The Doctor


The First Doctor

The First Doctor was an cryptic, guarded figure who was, at first, very slow to put any trust in newcomers who learnt of him. This Doctor was often irascible. He made no effort to hide his anger. He was very protective of the young women he took with him as his companions; they reminded him of his granddaughter, Susan. This Doctor was a brilliant, often short-tempered scientist as well as a keen strategist. He often used his signet ring to help get himself through ordeals due to his physical age impeding him. He stole a TARDIS from Gallifrey and took his granddaughter with him, joyriding throughout all of time and space, without a clue as to how to drive the thing.


The Second Doctor at the TARDIS controls

The Second Doctor, in contrast to his previous incarnation, was a very warm and wise man. He would be just as surprised and frightened of alien menaces as those who fought them alongside him. He was very clever in that he had a knack for manipulating others and deception. His predecessor would refer to this incarnation as a “clown” due to his bumbling and silly nature. He loved playing on his recorder and carried around a 500-year diary, attempting to keep a record of his travels, but ended up discarding it. He wore a giant fur coat that dwarfed his size, tying it closed with a piece of twine. As a “cosmic hobo,” he was constantly getting himself in and out of trouble around the universe.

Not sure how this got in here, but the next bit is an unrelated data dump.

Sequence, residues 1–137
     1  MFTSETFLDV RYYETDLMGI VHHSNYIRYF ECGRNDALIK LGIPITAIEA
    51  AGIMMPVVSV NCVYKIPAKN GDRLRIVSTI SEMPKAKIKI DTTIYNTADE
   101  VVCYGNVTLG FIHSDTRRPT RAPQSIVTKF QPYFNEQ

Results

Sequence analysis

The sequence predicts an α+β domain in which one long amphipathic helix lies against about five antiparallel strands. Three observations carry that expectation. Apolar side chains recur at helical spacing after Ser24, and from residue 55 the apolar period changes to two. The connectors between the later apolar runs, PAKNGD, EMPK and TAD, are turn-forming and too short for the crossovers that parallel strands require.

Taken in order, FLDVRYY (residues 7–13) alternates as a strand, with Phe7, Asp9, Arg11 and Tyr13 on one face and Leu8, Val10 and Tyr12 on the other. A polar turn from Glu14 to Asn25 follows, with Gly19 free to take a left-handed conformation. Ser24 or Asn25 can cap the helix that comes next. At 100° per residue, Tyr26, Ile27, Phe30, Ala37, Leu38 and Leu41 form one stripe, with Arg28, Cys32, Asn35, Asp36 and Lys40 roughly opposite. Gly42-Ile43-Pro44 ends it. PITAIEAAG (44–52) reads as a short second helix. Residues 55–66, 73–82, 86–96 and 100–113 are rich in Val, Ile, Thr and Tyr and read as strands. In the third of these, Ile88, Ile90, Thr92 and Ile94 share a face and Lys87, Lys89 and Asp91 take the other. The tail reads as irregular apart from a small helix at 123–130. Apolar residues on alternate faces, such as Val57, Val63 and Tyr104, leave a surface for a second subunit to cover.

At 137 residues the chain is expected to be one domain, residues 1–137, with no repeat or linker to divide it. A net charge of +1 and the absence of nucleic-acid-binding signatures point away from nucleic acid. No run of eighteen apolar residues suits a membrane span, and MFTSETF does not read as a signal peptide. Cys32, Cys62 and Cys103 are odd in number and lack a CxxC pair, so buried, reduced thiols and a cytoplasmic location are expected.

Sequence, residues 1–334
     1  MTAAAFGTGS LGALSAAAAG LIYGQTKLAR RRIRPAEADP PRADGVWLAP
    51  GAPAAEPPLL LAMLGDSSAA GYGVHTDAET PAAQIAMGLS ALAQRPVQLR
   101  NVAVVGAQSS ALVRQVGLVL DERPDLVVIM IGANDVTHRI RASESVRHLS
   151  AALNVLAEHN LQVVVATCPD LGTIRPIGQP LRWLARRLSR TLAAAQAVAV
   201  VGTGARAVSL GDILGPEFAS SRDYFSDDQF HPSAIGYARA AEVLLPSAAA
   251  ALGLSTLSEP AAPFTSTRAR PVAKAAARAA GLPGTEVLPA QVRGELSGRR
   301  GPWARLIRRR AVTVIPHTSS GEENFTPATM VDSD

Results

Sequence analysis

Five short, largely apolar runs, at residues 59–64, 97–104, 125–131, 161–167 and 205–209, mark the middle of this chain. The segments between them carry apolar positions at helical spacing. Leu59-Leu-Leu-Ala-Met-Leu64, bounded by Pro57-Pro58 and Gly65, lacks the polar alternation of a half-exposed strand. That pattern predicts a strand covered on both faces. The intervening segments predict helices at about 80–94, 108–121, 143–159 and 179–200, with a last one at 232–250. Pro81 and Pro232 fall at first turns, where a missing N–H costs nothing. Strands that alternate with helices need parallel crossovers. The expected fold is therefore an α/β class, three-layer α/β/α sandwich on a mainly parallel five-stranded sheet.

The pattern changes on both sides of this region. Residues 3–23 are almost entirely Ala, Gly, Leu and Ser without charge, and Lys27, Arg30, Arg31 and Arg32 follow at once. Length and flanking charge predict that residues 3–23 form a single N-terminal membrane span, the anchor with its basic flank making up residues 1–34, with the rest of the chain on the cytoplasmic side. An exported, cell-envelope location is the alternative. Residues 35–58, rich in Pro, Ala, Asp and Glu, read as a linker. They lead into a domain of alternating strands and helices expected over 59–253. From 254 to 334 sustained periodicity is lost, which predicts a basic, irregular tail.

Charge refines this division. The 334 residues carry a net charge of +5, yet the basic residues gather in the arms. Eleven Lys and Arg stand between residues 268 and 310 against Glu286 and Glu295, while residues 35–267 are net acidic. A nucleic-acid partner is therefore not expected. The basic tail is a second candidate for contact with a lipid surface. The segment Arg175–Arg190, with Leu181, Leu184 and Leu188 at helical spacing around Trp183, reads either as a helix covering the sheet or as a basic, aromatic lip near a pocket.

The third Doctor with Sarah Jane Smith

The Third Doctor was a far more spirited figure than his predecessors. He has been described by his first incarnation as a “dandy”. He had a knack for inventing various gadgets and was skilled in martial arts, particularly Venusian aikido, and owned a vintage car that he named Bessie. He had an initially antagonistic relationship with Brigadier Lethbridge-Stewart that eventually developed into a close friendship during a brief exile on Earth Their time together lasted through his future regenerations, despite the two not always agreeing with The Doctor’s actions. This Doctor also displayed great affection for his female companions, especialy Jo Grant. He was a gallant action hero who was very protective of his companions.


The Fourth Doctor

The Fourth Doctor was more unconventional than his previous incarnations. He was also the first to appear younger than his predecessors. Rarely seen without his long scarf, he always carried jelly beans in his pockets, using them as bluffs, gifts or distractions. He relied on his considerable charm, luck, and experience to get through tough situations. Although he retained his affection for Earth, he ended his frequent association with UNIT almost immediately upon his regeneration and only sporadically returned to visit the planet. He hated to work and preferred to be traveling, but enjoyed history. This Doctor usually travelled with only one companion at a time.


The Fifth Doctor landing the TARDIS